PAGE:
In progress: Halloween costume out of EVA foam!


#1

Had to use that handy guide to figure out how to cut without the crumb tray, and the foam shrinks a little on the corners (expected)

But it’s working out!

Still a lot more work to be done, though.


#2

Very nice.

What foam are you using and what is your source?


#3

Wow, that’s pretty awesome! I hope you post and image of the finished costume (please). :upside_down_face:


#4

That looks amazing. Did you draw everything out in illustartor/inkscape? Or did u use a pep file?


#5

This is looking awesome!

How thick was the EVA foam that you needed to remove the crumb tray? Did you put something between the metal bottom of the unit and the foam you were cutting?

My user manual says “If the crumb tray is removed, use extreme caution to ensure that the laser only strikes laser-compatible material, and does not touch the metal bottom of the unit which could cause a reflection and damage the unit.”

I was under the impression that meant not to cut through things without the crumb tray (or some other layer) in place. I’m guessing your 'forge is still working fine, though? Does cutting on top of the metal bottom surface just a tiny chance of causing problems that they have to mention in case, or am I missing something here?


#6

I’m using the cheap 1/2” floor mat foam.

https://www.amazon.com/dp/B013A4ASRW/ref=cm_sw_r_cp_api_gZZ8zbQPQ1HKK

Currently working on some under coats and battle damage.

(This is my first time doing this ever, so I’m improvising a lot!)


#7

I got it off of Etsy from this guy:

Since he posted a video showing the process, I figured it would be a good one to try as my first?


#8

I’ve seen a few of his videos. He’s a really good source to learn from. If you get a chance check out evil Ted youtube videos. He makes amazing things and breaks it down to simple methods.


#9

Looks good! I am using EVA foam too, but didn’t have to remove the crumb tray. There is a noticeable thickness irregularity in the foam pieces I have in the same package. What cutting settings are you using? When experimenting, I settled on a light cut, multipass approach. I think I do 10 passes of 500 speed at 10 power, then another 8 passes, 500 speed at 30 power. The result takes awhile, but it cuts cleanly without too much melting.


#10

When I tried multiple passes, I noticed a “stepped” quality to the edges that I didn’t like too much.


#11

I’ll try that out because I did find the melting to be a little more extreme than I anticipated.


#12

You have to raise the material up to at least the level the crumb tray is normally at… I just stacked a bunch of corrugated cardboard underneath and measured the total depth of the cardboard, and foam, and subtracted the height of the crumb tray… I measured it with a depth gauge (the depth of the total height on the side minus the depth of the honeycomb against those raised sidewalls on the tray.) but can’t remember the actual measurement. Someone might have posted that number elsewhere on the forum.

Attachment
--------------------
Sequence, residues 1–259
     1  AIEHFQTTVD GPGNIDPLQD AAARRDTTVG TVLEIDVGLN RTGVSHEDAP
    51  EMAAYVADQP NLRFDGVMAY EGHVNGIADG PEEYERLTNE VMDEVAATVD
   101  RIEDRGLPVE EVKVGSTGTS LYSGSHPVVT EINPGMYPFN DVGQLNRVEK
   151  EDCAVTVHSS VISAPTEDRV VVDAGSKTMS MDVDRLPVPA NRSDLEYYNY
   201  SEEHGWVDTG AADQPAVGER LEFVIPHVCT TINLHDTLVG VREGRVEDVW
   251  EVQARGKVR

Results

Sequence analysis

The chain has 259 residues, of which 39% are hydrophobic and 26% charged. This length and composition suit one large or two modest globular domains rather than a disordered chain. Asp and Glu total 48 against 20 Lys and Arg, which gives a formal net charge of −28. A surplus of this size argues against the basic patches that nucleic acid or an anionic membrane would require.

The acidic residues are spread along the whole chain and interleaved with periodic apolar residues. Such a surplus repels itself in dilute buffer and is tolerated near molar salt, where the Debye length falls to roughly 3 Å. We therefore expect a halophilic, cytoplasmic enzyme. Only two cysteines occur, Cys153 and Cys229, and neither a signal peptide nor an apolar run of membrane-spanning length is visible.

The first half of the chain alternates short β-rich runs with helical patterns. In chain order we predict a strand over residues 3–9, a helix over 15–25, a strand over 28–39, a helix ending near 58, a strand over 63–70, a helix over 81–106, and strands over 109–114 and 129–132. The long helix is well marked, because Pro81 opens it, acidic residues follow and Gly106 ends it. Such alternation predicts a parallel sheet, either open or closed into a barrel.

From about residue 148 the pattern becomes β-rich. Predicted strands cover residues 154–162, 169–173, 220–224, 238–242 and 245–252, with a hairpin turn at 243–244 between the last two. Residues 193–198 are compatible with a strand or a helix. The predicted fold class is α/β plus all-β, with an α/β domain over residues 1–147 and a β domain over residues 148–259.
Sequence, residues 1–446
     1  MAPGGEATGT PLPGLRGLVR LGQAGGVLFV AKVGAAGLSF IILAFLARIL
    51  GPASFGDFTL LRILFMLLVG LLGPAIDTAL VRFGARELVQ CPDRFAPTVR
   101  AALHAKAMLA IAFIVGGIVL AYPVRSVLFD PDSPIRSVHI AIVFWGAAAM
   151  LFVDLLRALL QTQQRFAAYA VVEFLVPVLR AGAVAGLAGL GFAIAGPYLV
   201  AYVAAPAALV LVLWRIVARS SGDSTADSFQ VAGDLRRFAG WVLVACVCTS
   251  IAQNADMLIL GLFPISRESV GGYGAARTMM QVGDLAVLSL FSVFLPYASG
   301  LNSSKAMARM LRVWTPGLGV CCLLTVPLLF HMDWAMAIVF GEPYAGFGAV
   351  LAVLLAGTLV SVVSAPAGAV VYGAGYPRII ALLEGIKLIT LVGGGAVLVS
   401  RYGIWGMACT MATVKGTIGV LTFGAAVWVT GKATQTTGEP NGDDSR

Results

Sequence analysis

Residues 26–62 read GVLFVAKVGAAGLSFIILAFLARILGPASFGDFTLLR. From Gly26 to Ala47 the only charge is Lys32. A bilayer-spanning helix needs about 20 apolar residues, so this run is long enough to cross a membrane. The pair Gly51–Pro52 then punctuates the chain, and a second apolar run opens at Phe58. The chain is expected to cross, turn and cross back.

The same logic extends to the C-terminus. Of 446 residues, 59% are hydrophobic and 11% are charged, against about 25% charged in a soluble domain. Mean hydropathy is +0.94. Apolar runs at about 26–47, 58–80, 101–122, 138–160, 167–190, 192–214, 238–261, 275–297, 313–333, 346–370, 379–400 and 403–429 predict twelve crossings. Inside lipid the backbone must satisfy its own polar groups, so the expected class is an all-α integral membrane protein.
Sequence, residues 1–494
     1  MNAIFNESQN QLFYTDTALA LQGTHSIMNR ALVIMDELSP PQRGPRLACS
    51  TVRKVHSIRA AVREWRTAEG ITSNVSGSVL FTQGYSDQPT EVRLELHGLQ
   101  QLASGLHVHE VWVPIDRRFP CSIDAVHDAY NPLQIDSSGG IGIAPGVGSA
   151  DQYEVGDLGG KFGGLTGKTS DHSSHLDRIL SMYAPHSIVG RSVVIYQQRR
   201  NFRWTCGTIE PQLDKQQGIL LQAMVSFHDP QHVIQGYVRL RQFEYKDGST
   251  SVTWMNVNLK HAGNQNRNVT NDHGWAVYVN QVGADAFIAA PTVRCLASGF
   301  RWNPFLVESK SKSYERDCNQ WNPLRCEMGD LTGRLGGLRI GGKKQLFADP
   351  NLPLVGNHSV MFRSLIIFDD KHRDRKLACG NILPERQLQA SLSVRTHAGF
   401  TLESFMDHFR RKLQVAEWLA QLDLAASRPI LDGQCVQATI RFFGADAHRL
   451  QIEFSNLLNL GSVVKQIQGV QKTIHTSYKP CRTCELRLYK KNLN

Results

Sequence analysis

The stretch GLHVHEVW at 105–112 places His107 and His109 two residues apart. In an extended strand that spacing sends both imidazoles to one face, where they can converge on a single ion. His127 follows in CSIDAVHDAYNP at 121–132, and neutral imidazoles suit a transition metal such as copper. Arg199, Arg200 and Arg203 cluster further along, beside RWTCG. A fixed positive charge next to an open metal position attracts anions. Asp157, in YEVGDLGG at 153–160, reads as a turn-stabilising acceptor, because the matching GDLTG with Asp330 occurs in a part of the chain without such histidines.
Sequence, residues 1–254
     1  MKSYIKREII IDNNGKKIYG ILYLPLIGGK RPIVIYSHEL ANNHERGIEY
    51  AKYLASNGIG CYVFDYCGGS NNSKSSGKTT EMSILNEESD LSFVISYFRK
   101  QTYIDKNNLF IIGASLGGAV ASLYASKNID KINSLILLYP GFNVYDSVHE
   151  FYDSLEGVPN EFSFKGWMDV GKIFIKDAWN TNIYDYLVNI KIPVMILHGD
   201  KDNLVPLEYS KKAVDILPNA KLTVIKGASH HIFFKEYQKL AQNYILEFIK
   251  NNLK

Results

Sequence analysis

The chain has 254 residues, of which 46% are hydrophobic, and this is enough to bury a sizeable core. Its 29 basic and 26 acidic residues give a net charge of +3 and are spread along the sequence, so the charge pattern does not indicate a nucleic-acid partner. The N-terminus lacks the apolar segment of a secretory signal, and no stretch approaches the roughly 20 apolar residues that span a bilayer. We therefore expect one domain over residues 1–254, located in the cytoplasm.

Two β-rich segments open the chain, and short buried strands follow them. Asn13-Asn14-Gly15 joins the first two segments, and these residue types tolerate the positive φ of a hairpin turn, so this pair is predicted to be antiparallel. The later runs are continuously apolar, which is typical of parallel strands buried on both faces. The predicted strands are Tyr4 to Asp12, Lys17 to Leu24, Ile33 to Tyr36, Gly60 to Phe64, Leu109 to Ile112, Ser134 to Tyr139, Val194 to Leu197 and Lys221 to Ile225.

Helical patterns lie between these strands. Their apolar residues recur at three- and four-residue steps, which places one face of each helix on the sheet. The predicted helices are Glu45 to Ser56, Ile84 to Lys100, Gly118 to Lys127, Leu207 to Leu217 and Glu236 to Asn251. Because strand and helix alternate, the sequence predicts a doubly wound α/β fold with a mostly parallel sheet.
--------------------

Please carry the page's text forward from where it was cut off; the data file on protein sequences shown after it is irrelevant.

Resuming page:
#13

Most of us are running between 1.37 to 1.4"


#14

Nice, thanks.

I’m also doing my first foam project - a steampunk hat. The craft store foam only comes in 9 x 12 sheets so I’m using a yoga mat for the structure. I’m not convinced the brim will hold its shape but we’ll see.

How well does that foam take a shape? From the picture it looks lit it does pretty well.

To smooth out the surface I bought a cheap iron at Goodwill and ironed the surface with a piece of aluminum foil between the iron and foam. If you get it too hot and the foam sticks to the foil don’t try and force it off. Let it cool for a bit and the foil will release.

No Glowforge cuts for me. I’m using a sugical steel scalpel and son scissors. With the forge I would be able to skip printing the templates and get cleaner cuts.


#15

Good to know foam cuts well. I’ll be using this to make detail pieces for contact-safe LARP weapons.


#16

Yep, sounds about right


#17

Mostly done. Done enough to wear in time for Halloween! My sword hilt wasn’t fully complete, but some gorilla tape at least made it functional.

If I’d had more battery-pack/inverters, I’d have loved to wire up the shin guards, but alas, not enough.

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#18

That is too cool! I’d love to play around with that EL wire.


#19

My next project will opt for wired LEDs and some form of controller. EL wire is fun (and cheap!) but I want to be brighter next time. (Also: Blue is a very dim variety of EL wire, to be fair.)


#20

Adafruit has some that’s twice as bright as standard but LED lights will be even brighter. I like the smooth light of el-wire for some things vs the point lights of LEDs.